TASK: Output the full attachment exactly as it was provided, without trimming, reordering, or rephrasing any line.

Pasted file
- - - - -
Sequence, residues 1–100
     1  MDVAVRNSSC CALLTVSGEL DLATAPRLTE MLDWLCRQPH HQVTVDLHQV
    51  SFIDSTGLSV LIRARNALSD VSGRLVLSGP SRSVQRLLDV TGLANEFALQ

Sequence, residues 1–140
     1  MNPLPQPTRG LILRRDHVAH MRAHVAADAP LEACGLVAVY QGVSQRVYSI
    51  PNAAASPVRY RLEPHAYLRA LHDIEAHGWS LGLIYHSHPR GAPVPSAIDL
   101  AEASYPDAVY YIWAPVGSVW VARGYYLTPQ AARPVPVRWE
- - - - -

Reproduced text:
Sequence, residues 1–100
     1  MDVAVRNSSC CALLTVSGEL DLATAPRLTE MLDWLCRQPH HQVTVDLHQV
    51  SFIDSTGLSV LIRARNALSD VSGRLVLSGP SRSVQRLLDV TGLANEFALQ

Sequence, residues 1–140
     1  MNPLPQPTRG LILRRDHVAH MRAHVAADAP LEACGLVAVY QGVSQRVYSI
    51  PNAAASPVRY RLEPHAYLRA LHDIEAHGWS LGLIYHSHPR GAPVPSAIDL
   101  AEASYPDAVY YIWAPVGSVW VARGYYLTPQ AARPVPVRWE